Helicopters, maple ‘copters, whirlybirds, twisters or whirligigs – no matter what you call a maple seed, they’re still an endless source of fascination. Many of our Farmers’ Almanac readers and Facebook fans have been asking about the large number of “helicopters” they’ve been seeing, and does it mean anything?
What Are Maple Copters, Anyway?
First, the technical term for this winged seed is samara, which refers to a specialized fruit that is designed to travel long distances from the parent tree. Some ash and elm trees also produce samaras, although the maple’s samaras are the very best at flying.
Maple trees that are healthy sometimes skip a year in seed formation, either due to poor pollination or to an exceptionally good growing season the year before. An over-abundance of samaras sometimes means the tree experienced some sort of “stress” the previous year, so producing a bumper crop of seeds is the tree’s way of carrying on the species, should that stress continue and that particular tree not survive.
Why Do Maple Seeds Fly?
One reason is that among trees, maples have some of the largest, widest canopies. That means for a seedling to grow, the seed can’t simply fall to the ground beneath the tree like a nut or a fruit. And, since only a few animals eat the seeds – mostly turkeys, finches and on rare occasions, squirrels and chipmunks – there is very little chance that wildlife will pick up the seeds and carry them elsewhere. To get around these obstacles, maples developed winged samaras as a way to transport their fruit to sunnier, more hospitable places.
A Natural Lesson in Aerodynamics
Maple seeds are one of those natural wonders that feature a nearly perfect design. In fact, scientists are using what they’re learning from these flying seeds to develop micro flying machines and even tiny helicopters that can be used for space exploration or to learn more about the atmospheres of planets like Mars.
It all starts with the shape. With a long wing that balances the weight of the seed, maple seeds are perfectly designed for flight. Since the seeds don’t fall away from the tree until they’re dry, they’re very light, which helps them travel farther.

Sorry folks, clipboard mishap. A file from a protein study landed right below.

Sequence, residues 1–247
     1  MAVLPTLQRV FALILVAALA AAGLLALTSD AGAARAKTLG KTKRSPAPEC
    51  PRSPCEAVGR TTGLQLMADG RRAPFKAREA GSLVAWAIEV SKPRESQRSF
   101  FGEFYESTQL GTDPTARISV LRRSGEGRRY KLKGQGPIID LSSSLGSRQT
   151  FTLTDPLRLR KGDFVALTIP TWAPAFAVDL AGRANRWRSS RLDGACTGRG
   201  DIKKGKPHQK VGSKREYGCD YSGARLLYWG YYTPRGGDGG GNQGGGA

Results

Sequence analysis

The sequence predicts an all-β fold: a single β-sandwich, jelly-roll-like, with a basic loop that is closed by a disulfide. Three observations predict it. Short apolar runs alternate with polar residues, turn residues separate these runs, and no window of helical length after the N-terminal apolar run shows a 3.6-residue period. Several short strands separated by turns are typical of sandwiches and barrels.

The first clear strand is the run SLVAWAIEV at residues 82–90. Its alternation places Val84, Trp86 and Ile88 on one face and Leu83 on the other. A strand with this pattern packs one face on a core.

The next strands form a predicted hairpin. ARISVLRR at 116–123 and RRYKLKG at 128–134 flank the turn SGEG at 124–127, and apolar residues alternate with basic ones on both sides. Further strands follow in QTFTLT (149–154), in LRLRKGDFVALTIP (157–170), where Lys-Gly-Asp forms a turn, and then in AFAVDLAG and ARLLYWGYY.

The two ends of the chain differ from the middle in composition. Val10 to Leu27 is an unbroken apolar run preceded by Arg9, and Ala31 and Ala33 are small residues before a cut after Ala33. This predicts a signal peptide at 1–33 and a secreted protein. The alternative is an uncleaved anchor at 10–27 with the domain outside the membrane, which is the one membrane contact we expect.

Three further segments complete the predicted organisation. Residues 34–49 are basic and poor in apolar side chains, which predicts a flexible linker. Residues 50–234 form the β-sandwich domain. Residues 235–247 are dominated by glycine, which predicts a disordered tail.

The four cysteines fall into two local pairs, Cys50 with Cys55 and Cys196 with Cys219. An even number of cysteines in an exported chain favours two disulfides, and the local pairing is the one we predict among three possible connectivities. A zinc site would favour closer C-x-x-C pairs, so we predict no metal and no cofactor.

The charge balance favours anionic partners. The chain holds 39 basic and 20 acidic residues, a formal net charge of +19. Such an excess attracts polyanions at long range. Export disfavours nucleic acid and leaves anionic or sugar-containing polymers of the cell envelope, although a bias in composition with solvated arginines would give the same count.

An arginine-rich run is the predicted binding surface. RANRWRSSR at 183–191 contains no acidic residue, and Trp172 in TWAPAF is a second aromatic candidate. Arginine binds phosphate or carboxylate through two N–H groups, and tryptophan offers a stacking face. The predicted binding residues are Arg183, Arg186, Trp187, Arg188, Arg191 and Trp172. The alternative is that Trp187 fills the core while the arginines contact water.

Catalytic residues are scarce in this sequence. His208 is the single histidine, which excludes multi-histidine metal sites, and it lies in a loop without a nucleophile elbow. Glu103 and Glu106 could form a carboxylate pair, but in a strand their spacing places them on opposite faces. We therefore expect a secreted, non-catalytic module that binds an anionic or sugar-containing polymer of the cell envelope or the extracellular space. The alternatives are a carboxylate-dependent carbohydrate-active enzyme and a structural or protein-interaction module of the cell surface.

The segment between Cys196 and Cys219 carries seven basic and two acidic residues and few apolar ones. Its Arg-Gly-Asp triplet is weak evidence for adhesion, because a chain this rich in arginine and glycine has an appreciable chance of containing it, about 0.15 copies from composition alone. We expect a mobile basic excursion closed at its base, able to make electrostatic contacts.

If you examine a maple seed closely, you’ll notice that the wing gets wider further away from the seed. When the seed spins, the air moving over the wide end of the wing moves faster than the air closer to the seed, which gives the seed the lift it needs to stay aloft. Then there are the veins on the leading edge of the wing, which generate just enough turbulence to help it cut through the air.
Those are the basic ideas behind flying maple seeds, but when scientists dug a little deeper into the aerodynamics, they found something interesting. While observing the seeds in a smoke-filled wind tunnel, researchers noticed that they actually form a small vortex – like a tiny tornado – atop the wings. That vortex lowers the pressure above the seed, generating even more lift. Insects and hummingbirds rely on the same kind of vortex to hover in one spot.
Wings Aren’t Just for Flight
The wings give maple seeds another huge advantage. Once a maple seed lands, the wing helps it stand upright between blades of grass or other foliage. The upright seeds have a better chance of embedding themselves into the soil below. Once pressed into the soil – whether by a passing foot, the weight of snow or something else – the wings break away so that the seed can germinate more easily.
When Will The ‘Copters Fly?
It depends on what kind of maple tree you have, and each is on its own schedule:
Silver maple – late spring.
Red maple -in late spring or early summer and fall.
Sugar maple – The samaras have 1-inch wings that ripen from early summer into autumn. About two weeks after samaras mature, sugar maples drop them.
Now that you know more about the maple’s flying seeds, you’ll be even more fascinated by the hundreds of them you see swirling towards the ground each year.
Amber Kanuckel is a freelance writer from rural Ohio who loves all things outdoors. She specializes in home, garden, environmental, and green living topics.